NFPA 1 HDBK
Fire Code Handbook
|Publication Date:||1 January 2012|
The scope includes, but is not limited to, the following:
(1) Inspection of permanent and temporary buildings, processes, equipment, systems, and other fire and related life safety situations
(2) Investigation of fires, explosions, hazardous materials incidents, and other related emergency incidents
(3) Review of construction plans, drawings, and specifications for life safety systems, fire protection systems, access, water supplies, processes, hazardous materials, and other fire and life safety issues
(4) Fire and life safety education of fire brigades, employees, responsible parties, and the general public
(5) Existing occupancies and conditions, the design and construction of new buildings, remodeling of existing buildings, and additions to existing buildings
(6) Design, installation, alteration, modification, construction, maintenance, repairs, servicing, and testing of fire protection systems and equipment
(7) Installation, use, storage, and handling of medical gas systems
(8) Access requirements for fire department operations
(9) Hazards from outside fires in vegetation, trash, building debris, and other materials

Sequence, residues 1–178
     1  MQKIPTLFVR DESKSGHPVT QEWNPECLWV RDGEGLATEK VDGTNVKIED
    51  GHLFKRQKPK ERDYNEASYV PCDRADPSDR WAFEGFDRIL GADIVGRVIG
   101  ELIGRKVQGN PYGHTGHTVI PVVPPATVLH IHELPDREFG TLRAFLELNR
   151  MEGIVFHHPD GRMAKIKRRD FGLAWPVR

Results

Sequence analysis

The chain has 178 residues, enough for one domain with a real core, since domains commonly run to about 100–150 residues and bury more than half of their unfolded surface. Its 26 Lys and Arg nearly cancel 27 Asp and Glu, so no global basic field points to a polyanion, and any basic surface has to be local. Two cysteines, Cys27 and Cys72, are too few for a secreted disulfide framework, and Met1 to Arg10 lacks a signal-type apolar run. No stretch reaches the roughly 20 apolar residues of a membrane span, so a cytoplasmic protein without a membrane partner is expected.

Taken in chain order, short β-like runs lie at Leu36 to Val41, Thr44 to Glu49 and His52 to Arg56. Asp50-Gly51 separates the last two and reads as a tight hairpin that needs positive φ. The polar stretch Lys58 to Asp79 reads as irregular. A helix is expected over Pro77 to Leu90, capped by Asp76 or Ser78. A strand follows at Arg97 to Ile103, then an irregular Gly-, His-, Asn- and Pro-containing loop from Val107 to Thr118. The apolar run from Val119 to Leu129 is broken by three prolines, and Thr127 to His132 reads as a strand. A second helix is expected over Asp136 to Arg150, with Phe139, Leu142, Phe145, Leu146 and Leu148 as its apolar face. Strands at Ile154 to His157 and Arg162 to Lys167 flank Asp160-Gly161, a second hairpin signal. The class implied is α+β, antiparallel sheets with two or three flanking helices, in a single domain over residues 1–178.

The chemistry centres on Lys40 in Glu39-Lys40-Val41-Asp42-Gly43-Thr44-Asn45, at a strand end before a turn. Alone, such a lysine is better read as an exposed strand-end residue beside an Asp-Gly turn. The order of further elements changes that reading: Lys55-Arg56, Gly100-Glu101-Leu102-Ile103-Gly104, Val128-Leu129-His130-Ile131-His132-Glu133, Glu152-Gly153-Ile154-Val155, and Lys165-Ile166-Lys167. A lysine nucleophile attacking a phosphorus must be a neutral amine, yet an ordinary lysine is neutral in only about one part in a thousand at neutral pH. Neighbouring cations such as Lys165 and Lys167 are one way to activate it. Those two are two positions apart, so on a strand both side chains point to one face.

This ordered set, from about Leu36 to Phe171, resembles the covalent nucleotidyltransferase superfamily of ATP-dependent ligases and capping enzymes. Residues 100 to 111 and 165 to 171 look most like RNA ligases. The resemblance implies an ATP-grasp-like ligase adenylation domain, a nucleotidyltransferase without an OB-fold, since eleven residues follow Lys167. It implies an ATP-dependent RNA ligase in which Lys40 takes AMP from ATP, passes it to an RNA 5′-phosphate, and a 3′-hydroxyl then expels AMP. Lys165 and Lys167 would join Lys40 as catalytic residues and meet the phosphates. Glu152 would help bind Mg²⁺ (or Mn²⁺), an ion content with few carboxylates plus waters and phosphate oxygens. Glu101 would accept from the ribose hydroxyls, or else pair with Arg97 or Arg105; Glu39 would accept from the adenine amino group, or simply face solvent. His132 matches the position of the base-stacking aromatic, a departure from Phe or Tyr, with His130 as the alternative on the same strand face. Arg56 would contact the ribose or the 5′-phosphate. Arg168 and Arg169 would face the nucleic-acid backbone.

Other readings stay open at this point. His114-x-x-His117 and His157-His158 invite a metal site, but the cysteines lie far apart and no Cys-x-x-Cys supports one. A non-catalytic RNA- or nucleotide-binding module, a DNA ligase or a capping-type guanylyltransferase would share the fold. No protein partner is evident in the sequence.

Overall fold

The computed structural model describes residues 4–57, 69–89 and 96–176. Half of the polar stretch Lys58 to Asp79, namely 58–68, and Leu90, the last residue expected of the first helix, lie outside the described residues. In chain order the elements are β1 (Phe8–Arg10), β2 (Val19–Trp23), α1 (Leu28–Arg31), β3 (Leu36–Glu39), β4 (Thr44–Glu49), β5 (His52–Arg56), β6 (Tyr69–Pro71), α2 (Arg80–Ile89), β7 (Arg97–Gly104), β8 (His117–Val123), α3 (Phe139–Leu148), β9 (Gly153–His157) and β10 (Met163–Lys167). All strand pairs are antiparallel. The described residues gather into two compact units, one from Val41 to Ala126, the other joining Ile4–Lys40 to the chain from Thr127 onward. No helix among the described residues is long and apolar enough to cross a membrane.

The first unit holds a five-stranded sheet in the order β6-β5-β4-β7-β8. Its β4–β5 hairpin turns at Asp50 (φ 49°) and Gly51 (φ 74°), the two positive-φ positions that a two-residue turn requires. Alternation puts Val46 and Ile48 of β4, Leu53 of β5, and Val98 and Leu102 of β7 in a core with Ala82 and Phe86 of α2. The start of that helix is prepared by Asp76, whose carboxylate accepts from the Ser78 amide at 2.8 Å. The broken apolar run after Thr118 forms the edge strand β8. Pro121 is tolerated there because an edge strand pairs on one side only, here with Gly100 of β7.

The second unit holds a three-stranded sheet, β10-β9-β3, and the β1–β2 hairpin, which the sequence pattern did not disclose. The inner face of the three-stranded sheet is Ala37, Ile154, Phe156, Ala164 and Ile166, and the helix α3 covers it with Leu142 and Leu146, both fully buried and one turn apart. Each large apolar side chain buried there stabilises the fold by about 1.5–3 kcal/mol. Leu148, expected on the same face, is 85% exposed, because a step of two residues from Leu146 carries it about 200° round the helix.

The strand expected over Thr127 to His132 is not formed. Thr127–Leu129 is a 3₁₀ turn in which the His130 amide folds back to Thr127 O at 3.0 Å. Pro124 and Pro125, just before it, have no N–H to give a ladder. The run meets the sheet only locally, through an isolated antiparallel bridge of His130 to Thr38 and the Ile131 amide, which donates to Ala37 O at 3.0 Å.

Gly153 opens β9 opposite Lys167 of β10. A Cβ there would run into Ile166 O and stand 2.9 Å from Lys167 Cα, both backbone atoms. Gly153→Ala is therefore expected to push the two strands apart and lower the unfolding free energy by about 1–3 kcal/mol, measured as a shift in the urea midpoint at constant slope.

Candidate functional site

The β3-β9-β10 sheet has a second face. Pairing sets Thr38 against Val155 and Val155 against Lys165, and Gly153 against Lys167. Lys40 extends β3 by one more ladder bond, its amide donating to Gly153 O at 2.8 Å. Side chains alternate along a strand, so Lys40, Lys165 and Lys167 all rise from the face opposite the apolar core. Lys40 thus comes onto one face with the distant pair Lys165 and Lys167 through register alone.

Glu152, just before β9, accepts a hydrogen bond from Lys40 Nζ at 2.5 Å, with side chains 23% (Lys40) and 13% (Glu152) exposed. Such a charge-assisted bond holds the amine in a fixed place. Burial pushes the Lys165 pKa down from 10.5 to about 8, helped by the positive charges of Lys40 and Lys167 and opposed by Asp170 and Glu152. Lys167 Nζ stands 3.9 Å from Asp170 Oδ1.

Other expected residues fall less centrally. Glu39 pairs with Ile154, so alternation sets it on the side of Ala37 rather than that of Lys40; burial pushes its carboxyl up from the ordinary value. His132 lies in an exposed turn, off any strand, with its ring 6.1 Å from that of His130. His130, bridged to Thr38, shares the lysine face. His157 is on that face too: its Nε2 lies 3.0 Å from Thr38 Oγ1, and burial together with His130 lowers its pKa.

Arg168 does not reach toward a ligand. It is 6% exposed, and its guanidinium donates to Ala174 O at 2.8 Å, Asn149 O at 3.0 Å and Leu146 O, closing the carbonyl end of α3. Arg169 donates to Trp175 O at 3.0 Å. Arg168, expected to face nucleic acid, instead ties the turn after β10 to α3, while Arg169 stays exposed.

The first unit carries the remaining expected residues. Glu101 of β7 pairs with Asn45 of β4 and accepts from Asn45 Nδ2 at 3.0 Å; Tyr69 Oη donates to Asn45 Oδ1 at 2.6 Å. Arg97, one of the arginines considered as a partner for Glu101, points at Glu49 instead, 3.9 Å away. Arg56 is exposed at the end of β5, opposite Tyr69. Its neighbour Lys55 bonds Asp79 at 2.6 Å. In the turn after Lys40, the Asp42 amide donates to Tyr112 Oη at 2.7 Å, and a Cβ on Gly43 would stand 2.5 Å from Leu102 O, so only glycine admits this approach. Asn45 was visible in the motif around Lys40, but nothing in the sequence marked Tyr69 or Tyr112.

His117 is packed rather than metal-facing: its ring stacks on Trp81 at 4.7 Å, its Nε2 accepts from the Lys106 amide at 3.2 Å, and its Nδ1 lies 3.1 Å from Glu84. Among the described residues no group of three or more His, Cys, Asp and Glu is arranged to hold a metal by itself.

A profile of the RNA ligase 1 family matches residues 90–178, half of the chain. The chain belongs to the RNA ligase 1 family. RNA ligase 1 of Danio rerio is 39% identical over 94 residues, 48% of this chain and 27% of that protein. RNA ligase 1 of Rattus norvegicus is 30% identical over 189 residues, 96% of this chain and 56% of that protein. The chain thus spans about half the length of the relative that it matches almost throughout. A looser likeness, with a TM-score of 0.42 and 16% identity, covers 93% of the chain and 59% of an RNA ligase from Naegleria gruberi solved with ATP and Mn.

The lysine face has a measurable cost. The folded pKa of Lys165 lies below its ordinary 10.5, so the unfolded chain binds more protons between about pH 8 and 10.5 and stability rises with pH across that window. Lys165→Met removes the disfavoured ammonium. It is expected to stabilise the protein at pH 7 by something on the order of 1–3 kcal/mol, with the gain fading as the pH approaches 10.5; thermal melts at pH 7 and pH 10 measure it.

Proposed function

(10) Regulation and control of special events including, but not limited to, assemblage of people, exhibits, trade shows, amusement parks, haunted houses, outdoor events, and other similar special temporary and permanent occupancies
The purpose of this Code is to prescribe minimum requirements necessary to establish a reasonable level of fire and life safety and property protection from the hazards created by fire, explosion, and dangerous conditions.
The provisions of NFPA 1 represent the minimum levels of protection needed to provide for life safety from fire to building occupants, property protection, and enhanced emergency responder safety. Building owners should carefully consider proviwhether additional safeguards might be needed based on their specific loss tolerability. For example, meeting the requirements of NFPA 1 alone might not provide sufficient protection from fire to a highly valued risk, such as rare artwork that might be destroyed upon exposure to smoke. Such determination needs to be made based on a complete risk assessment of the property. The protection requirements of this Code can always be supplemented, but they should never be reduced.
Consideration for life safety could include occupants, fire department personnel, fire brigade members, employees, responsible parties, and the general public.